UgBlogWeek Day 4 – Envy

By on October 22, 2015
poison-envy

It is very likely that every human being feels a hint of envy whenever they see someone else more successful or happier than they are. Quite naturally, most people are more envious of those closer to them than of those further away. When two brothers are growing up, there are instances where hints of jealousy and covetousness start to take root.

When the parents buy them presents, each one is anxious to see what the other got not because they are genuinely happy for them but because they want to claim the title of ‘brother with the best present’. This little and innocent envy can often graduate in a deeper and more profound envy that has hints of jealousy and near hatred for anyone who has attributes or properties that one may not have.

Envy generally occurs when one individual lacks the achievement or properties of another person and hopes or wishes that the other person did not have that much.

People like Bertrand Russell have mentioned that unhappiness is not necessarily caused by lacking something but knowing that someone else has that thing you lack. It therefore follows that while someone might feel like they too want something that someone else has, they are also looking to create some kind of misfortune on the other person. That is the nature of envy.

Envy is mostly seen as a negative emotion and it is advisable that people try to hold down their envy as much as they possibly can. Failure to hold down one’s envy can lead to Schadenfreude – pleasure derived by someone from another person’s misfortune.

There are instances where hints of envy are known to motivate people to work hard and attain certain levels of success not only because they bring happiness but because they disprove others. Therefore if channeled well, envy can actually be the instigator for healthy competition and thus achievement.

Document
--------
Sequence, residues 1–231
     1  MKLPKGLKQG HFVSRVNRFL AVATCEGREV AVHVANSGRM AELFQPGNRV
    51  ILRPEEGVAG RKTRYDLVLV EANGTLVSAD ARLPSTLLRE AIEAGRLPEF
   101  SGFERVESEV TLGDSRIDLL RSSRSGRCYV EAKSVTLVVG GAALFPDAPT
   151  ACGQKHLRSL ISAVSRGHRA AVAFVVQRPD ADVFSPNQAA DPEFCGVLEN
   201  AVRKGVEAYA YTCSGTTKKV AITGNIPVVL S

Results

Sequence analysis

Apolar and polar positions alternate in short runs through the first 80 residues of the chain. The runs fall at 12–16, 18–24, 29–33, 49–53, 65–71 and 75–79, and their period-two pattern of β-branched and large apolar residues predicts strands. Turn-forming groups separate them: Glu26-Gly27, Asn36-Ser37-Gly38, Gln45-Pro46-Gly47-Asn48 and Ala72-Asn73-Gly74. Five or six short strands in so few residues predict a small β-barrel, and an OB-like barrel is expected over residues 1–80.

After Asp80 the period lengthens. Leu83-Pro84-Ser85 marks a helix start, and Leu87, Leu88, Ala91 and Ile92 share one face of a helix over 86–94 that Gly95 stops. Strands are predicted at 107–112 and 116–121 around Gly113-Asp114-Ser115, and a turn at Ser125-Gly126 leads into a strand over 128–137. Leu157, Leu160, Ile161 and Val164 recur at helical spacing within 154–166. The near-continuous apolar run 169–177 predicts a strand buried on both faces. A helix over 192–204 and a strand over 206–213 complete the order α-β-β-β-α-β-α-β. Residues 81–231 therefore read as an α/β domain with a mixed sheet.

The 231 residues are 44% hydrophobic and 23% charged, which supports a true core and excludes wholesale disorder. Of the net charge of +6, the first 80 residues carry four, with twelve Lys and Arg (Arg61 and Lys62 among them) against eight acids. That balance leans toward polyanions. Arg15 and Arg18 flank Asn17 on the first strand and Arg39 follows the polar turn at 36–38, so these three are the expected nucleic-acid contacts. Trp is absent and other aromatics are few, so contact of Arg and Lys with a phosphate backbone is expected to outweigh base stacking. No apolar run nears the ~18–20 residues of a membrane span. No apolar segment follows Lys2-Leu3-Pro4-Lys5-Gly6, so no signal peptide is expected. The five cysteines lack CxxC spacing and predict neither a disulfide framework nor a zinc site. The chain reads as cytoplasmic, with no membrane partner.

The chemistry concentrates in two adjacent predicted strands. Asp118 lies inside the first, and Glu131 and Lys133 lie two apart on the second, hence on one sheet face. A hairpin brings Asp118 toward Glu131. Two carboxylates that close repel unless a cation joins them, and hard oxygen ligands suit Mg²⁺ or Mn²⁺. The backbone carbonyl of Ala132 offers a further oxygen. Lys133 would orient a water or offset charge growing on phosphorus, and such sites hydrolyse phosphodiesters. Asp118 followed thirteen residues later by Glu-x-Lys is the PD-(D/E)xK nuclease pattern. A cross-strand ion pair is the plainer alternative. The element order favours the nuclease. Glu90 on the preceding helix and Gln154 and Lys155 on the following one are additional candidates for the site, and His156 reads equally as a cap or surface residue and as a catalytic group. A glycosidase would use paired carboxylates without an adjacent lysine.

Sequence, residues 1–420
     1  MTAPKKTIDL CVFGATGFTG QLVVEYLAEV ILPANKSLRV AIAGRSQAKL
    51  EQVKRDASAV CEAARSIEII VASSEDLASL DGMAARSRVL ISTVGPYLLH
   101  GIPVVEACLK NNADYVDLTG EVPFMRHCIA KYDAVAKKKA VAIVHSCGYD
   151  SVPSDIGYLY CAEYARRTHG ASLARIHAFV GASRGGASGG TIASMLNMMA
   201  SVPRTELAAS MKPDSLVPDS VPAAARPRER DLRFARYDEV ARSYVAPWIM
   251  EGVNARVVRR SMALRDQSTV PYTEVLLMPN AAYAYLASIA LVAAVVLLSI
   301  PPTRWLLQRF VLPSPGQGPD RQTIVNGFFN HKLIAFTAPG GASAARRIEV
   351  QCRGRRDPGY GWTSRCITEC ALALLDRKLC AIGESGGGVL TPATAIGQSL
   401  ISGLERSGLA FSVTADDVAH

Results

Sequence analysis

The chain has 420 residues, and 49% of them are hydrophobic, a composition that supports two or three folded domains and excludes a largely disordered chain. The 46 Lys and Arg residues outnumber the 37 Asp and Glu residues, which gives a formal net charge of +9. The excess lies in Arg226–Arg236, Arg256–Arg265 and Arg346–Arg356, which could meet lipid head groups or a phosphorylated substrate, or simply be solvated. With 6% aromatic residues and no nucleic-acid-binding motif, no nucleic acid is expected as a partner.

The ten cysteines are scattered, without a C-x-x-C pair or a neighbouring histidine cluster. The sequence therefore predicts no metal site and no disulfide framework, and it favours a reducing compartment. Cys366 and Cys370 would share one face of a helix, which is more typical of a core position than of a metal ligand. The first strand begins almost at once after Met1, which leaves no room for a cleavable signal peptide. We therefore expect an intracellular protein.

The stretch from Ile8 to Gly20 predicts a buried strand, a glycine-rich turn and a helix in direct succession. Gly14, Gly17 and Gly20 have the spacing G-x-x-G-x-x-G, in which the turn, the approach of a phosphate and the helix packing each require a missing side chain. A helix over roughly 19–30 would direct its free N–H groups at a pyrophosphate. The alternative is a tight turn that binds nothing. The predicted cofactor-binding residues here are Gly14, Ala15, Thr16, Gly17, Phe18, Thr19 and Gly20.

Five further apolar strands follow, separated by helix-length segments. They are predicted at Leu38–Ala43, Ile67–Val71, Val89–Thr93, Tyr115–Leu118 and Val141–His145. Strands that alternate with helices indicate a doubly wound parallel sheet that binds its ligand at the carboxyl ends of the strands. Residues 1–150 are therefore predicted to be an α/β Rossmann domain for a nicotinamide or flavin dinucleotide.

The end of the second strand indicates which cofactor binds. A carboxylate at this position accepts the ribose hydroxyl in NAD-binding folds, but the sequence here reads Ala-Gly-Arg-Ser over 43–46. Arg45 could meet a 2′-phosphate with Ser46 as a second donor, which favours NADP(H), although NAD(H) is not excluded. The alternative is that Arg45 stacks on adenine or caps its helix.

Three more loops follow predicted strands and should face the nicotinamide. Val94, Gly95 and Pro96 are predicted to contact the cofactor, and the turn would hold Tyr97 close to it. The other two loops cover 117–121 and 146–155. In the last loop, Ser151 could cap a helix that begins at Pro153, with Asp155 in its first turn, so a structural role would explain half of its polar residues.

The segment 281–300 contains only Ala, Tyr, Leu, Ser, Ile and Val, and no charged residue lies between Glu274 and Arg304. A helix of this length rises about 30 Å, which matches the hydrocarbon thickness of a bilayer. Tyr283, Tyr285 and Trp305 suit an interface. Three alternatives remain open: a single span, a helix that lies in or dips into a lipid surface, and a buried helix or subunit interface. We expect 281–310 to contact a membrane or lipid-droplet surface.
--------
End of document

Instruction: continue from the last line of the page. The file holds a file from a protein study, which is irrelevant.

Envy” and “jealousy” are commonly used interchangeably, but the two words are actually represent different emotions. Similar, yes – but different.

Jealousy is an emotion that appears because of the apparent fear of losing someone or something that one may hold dear to them to someone else. Envy on the other hand is an emotion of resentment that is brought about by another person having something that one does not exactly have, but would like to have for oneself.

In the bible, envy is mentioned as the reason behind Cain murdering his brother, Abel. The fact that Cain envied Abel owing to God’s acceptance of Abel’s sacrifice over Cain’s was explanation for why Cain decided to kill his brother.

In Hinduism, Lord Krishna in the Bhagavad Gita, Chapter 12, Verse 15 states that “One who does not envy but is a compassionate friend to all … such a devotee is very dear to Me.” Envy is looked at as a very dangerous emotion that needs to be dealt with early on in life. Any emotion that creates some kind of imbalance in the mind and is one that ought to be done away with at whatever cost.

Amongst the Buddhists, the word ‘irshya’ is often translated as either envy or jealousy. Irshya is defined in Buddhism as a state of mind in which one is very highly agitated and in constant desire to obtain wealth and honor for oneself, but they are unable to bear the excellence of others. Now that right there is a lesson every human being needs to master.

In English-speaking historical cultures, envy is usually linked to the colour green and thus the phrase “green with envy“. However, the phrase “green-eyed monster” is used more to refer to a person whose motives and actions are backed by jealousy and not necessarily envy. It is no wonder in many of his works Shakespeare referred to “green eyed jealousy” for instance in The Merchant of Venice when Portia states: “How all the other passions fleet to air, as doubtful thoughts and rash embraced despair and shuddering fear and green-eyed jealousy!”

We should be able to watch those around us succeed without bearing any ill feeling towards them. That way, you we can be sure that we shall live happy lives unbothered by other people’s progress but rather happy to offer ladders for them to step onto as they progress in life.

“When you have wit of your own, it’s a pleasure to credit other people for theirs.” ― Criss Jami, Killosophy

Bernard
a.k.a Beewol
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Baldie. Ailurophile. Social Media Junkie. Blogger. Pluviophile. Fixer. Sober Drunkard.
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  1. Pingback: #UgBlogWeek: Day 4 Stories Curated | Patricia Kahill

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